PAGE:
On Oct. 1, the Supreme Court of Ireland ruled that bread used in Subway restaurant sandwiches is too sugary to be considered bread. The ruling came about due to tax reasons, as Ireland’s Value-Added Tax Act says bread with over 2 percent of its weight made up with added substances such as sugar will not receive tax exemption, according to NPR. Unfortunately for Subway, its bread contains 10 percent sugar in the recipe’s total weight, also according to NPR. Only in 2020 would a staple “healthy fast food restaurant” have its bread more akin to a pastry than actual bread.
The ruling brings about an interesting discussion within American diets: how does one entirely know if their “healthy” diet consists of truly healthy foods? Balancing a diet is surely a challenge that many, myself included, cannot find time to accomplish. With crucial responsibilities, such as school, work, family life, how can one ensure all and/or a heavy majority of meals contain the proper ratio of food groups?
Only a quarter of Americans are eating high levels of fruits, dairy, and oils, according to health.gov. In the same data from health.gov, a majority of Americans consume more than the recommended portion of saturated fats, sugars, and sodium. The over-consumed substances likely relate to fast food restaurants, with many popular chains dripping with these unhealthy substances. In a busy schedule, it’s easier to consume a few happy meals than for a family to create a nutritious set of meals.
People seem to forget, despite its branding, that Subway is still fast food. Even before hearing about the bread’s sugar contents, I never understood Subway being considered “healthy” while people pile on toppings and sauces. Also, a soft drink is a sugary nightmare, especially when 30 ounces of, say, Coca-Cola contains 101 grams of sugar, according to the nutrition website Eat This Much. Even the veggie delight 6-inch sub at 230 calories is more calories than an 140 calorie 8-count grilled chicken nugget meal served at Chick Fil A, according to the restaurant’s online menu supplement/newsletter The Chicken Wire.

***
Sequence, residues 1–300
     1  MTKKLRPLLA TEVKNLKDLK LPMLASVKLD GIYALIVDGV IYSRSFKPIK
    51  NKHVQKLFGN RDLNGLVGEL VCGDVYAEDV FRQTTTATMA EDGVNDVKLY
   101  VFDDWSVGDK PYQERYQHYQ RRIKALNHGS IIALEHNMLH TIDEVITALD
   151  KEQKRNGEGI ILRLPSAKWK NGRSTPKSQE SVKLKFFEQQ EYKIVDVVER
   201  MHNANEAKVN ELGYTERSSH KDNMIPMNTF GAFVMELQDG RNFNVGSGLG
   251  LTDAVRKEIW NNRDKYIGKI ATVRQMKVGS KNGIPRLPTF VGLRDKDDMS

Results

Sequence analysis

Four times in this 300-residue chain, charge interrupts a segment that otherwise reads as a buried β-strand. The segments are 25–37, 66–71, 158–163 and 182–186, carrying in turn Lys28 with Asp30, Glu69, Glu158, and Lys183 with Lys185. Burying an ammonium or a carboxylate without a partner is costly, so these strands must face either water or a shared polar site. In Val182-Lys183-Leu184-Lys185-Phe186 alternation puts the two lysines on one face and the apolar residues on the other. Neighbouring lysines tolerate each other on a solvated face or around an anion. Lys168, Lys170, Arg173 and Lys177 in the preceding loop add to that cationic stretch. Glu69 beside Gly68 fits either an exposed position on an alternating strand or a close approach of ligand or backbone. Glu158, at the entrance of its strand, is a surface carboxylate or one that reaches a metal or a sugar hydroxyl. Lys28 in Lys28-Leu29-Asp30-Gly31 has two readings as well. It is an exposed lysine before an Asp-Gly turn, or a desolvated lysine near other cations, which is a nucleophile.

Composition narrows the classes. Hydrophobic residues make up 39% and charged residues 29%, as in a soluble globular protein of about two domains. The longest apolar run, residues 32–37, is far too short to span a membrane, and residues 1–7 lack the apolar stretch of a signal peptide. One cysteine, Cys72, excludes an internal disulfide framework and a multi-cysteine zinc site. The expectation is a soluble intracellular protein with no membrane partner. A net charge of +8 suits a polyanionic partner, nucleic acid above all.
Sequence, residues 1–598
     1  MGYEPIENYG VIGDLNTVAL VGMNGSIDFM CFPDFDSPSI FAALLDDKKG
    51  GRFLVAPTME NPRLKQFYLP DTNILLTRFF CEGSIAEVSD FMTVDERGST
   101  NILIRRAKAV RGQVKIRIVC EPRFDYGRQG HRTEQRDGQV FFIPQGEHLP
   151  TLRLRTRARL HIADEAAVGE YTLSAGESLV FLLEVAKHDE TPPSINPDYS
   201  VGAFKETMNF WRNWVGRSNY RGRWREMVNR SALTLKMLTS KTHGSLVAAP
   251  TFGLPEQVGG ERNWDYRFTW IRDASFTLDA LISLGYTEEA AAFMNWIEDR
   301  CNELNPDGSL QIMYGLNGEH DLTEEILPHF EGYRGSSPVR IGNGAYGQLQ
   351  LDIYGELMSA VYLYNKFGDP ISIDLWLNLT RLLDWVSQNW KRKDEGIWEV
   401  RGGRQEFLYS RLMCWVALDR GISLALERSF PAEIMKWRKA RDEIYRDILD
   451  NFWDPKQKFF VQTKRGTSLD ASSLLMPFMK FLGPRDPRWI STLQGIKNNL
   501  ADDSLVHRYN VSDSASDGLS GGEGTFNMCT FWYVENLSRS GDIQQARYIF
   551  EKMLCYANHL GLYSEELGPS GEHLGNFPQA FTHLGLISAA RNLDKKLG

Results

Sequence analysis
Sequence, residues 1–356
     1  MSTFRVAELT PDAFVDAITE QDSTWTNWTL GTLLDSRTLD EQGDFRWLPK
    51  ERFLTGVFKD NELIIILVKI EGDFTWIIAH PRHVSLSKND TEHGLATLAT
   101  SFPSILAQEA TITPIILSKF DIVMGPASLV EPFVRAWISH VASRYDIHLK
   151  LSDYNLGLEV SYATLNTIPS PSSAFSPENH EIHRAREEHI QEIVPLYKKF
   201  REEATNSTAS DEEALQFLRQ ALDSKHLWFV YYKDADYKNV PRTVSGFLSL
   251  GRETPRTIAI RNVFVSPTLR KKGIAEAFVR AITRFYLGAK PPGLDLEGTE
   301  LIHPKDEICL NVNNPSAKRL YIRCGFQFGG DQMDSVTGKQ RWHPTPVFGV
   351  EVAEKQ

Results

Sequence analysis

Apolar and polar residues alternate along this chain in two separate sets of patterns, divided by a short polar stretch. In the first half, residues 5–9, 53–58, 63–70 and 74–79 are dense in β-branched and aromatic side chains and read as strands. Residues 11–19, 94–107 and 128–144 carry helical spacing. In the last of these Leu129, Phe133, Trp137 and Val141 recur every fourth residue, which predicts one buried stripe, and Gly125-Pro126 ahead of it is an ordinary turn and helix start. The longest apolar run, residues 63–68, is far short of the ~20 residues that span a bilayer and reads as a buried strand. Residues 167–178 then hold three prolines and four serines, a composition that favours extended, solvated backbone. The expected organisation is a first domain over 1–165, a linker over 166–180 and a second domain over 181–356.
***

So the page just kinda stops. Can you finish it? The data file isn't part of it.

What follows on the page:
Above all, people still need to burn any amount of calories and other macromolecules consumed. Similar to healthy meal planning, it’s difficult to maintain exercise regimens alongside other responsibilities. During the summer, I remember in having ample time for jogging sessions, along with sweating off water weight at work. Currently, a week with a constant flow of online school work, I’m fortunate to have a weekly, couple-mile run.
So how does one combat these dietary issues? Without delving into exact balance ratios, simply limiting unhealthy consumption does a lot. Relating back to the sugary drinks, simply drinking water instead immediately eliminates calories from beverages. Even flavored waters, while obviously having more calories than regular water, still provide healthier drinking alternatives. As for exercise: walk around your neighborhood at even comfortable lengths just to burn a few calories.
Indeed, not everyone can and/or has to be a fitness marvel; yet, it’s important to maintain decent physical care to avoid problems later in life. Poor care can become the difference between being able to exercise in your late 80’s and requiring drastic medical procedures before you hit your 40’s. I’m not going to judge any individual’s choices, but only you can take the steps towards a relatively healthy and pain-free life.